Step 3: Stock Pickers updated

Luck or Skill: Evidence from S&P's Persistence Scorecard

Step 3: Stock Pickers updated

Besides tracking active fund managers against their respective benchmarks in the SPIVA Scorecard series, S&P's indexing analysts also biannually compare how consistently top-performers in one period are able to keep producing winning records in subsequent years. 

It's known as the U.S. Persistence Scorecard and serves as an extension of S&P Dow Jones Indicies' SPIVA (Standard & Poor's Indicies versus Active) report. Both of these research series are unique in that S&P's analysts scrub results for so-called survivorship-bias. Such a bias amounts to a statistical shell game played by active managers in which old funds are merged or shuttered, yet performance data doesn't take such manifestations into account.

Like its older SPIVA brother, S&P's Persistence Scorecard also considers how often active fund managers shift their investment focus. This is known in the industry as "style drift," and can skew comparisons between competitors in similar categories.

For example, the latest Persistence report finds that 29% of U.S. equity funds from 2010-2019 drifted between styles, while 10% merged or liquidated. In fact, dividing this period in half shows that more domestic managers either flip-flopped between styles or closed (39%) than produced top-quartile performances (21%) during the 2010s. 

The Persistence Scorecard answers a very simple question: If we have an active fund that was in the top half of its peer group over the prior year, what are the odds that it will remain there in subsequent time periods? The answer is pretty stark, according to the latest persistence numbers analyzed by S&P researchers.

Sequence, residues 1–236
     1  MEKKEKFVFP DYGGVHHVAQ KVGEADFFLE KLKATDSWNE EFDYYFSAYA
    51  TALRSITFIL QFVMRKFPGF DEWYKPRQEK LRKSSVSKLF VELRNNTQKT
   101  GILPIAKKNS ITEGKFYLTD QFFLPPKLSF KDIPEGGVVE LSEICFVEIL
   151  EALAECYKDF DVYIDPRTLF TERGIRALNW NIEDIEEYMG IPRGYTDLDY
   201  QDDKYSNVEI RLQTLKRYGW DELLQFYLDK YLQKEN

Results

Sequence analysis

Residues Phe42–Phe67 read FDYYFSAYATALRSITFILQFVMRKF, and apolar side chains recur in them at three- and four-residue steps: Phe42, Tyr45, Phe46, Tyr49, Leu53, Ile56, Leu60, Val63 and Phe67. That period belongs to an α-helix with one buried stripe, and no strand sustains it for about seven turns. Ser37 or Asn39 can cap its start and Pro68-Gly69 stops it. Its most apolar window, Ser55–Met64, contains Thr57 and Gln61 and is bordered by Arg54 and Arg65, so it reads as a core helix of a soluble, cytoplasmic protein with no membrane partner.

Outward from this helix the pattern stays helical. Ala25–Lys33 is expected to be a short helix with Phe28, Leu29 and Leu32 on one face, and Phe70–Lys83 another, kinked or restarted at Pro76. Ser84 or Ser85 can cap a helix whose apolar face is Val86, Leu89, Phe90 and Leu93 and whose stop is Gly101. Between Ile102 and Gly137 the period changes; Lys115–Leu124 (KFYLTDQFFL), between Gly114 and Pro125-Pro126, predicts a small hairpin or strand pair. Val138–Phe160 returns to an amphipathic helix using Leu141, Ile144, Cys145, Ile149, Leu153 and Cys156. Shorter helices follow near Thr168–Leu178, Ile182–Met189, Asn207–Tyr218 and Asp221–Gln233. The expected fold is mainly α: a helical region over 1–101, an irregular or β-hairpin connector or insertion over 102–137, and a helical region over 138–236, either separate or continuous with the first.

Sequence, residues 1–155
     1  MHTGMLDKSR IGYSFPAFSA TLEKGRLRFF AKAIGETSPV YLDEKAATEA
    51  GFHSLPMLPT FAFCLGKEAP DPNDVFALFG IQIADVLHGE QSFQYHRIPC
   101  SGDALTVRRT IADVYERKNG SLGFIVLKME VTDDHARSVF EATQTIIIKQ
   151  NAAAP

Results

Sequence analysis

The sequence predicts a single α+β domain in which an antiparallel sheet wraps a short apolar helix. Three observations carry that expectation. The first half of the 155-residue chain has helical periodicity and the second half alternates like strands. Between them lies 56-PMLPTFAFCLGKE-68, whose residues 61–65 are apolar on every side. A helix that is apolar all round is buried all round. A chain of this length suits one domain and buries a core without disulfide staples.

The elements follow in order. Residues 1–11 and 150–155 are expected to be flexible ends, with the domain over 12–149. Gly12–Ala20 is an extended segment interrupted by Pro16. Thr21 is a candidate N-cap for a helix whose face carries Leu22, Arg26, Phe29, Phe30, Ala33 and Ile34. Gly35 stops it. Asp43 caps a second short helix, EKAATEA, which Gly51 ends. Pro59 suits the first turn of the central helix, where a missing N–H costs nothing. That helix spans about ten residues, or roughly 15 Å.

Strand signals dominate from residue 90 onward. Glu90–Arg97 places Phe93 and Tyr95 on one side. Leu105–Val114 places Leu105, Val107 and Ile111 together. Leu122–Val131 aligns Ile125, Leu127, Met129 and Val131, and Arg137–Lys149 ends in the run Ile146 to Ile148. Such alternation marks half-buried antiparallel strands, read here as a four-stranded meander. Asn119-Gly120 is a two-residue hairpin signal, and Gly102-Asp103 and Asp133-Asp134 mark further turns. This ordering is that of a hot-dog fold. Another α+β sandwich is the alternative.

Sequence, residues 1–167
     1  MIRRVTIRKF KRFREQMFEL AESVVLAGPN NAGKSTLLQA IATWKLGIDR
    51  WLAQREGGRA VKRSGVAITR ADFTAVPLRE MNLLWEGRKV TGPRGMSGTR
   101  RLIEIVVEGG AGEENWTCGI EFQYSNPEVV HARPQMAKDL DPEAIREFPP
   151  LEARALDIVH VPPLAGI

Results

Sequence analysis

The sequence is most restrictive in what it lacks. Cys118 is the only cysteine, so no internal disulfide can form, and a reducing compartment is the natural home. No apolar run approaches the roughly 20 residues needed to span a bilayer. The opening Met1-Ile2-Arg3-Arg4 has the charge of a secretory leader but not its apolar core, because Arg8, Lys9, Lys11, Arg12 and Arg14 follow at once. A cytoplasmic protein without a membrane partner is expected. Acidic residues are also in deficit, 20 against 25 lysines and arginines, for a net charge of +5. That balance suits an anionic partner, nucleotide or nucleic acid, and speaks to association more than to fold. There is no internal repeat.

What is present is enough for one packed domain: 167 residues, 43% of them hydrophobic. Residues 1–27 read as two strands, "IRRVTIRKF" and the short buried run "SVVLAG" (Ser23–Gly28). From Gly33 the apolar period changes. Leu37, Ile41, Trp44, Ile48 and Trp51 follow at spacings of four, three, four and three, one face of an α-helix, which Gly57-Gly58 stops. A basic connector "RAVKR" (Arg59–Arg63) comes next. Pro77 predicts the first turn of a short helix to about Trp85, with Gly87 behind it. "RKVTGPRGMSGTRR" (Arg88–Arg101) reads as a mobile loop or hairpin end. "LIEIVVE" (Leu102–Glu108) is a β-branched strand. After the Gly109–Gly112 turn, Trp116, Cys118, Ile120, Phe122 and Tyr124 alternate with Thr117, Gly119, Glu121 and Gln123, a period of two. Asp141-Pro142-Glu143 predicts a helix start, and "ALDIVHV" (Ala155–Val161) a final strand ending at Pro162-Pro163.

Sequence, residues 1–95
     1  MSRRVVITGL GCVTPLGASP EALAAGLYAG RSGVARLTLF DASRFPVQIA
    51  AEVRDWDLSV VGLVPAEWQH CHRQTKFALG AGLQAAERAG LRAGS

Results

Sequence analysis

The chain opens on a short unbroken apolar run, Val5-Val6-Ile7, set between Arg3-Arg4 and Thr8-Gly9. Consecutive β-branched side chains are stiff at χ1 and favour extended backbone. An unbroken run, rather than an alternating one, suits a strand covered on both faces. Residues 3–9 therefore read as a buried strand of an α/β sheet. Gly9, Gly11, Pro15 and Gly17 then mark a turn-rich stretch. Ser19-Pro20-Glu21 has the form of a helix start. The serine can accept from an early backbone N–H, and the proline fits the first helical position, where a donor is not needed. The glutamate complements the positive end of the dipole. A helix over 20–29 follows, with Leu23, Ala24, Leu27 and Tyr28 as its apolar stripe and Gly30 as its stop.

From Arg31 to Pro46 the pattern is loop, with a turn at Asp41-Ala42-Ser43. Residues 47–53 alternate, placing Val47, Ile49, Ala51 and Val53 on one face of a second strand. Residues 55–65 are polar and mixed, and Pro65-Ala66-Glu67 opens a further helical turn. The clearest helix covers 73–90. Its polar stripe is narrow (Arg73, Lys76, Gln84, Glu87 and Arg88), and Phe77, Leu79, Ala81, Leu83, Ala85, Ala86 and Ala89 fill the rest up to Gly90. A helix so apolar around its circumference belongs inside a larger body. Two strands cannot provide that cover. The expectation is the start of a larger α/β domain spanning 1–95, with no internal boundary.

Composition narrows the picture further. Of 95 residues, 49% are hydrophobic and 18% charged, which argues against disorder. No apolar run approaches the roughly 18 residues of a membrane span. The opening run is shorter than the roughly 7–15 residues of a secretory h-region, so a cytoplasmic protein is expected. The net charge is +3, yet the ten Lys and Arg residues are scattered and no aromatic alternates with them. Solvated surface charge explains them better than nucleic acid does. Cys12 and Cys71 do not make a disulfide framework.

Managers were screened using a fairly low bar -- how many were able to outperform at least half of their fund rivals. Those landing in each fund group's top half in the first year were then compared to relative outperformers in the next year. Such an analysis was applied over subsequent 12-month periods to consider five straight years.

As you can see in the chart below, no matter what asset class is considered, a vast majority of active funds didn't show much in the way of consistency in terms of generating outperformance. And that's over a rather short five-year timeframe.

If the active managers are skillful at consistently identifying and exploiting inefficiencies in the financial markets, then they should remain in the top half without any difficulty.

On the other hand, if these managers were operating in a highly efficient market in which outperformance was attributable to luck, then investors would expect 50% to remain in the top-half in the first subsequent year, 25% to remain in the top half for both of the next two years, and so on.

That clearly didn't turn out to be the case observed by S&P's researchers in this study. (See bar chart below.) 

Even refining our focus to just the top outperformers -- i.e., those whose funds scored in the top quartile (25%) of their peers' overall results -- wound up worse than "what random chance would predict," S&P's analysts observed.

The chart below reinforces a view of how any spurt of outperformance by active stock pickers is based primarily on luck, not skill.  

Whether measured by the top 25% or more broadly (top half), the authors of this report note that persistence in outperformance tends to be greater over shorter investment horizons. Still, across equity asset-classes "this persistence was inconsistent and decayed over time," they add.

Another warning highlighted in the full-year 2019 Persistence Scorecard: Chasing stocks across different styles isn't a tactic confined to any specific type of active manager or those producing lower-quartile returns. "Top, middle and bottom performers within a category," S&P reports, "all generally had similar chances of style drift over three- and five-year periods." 

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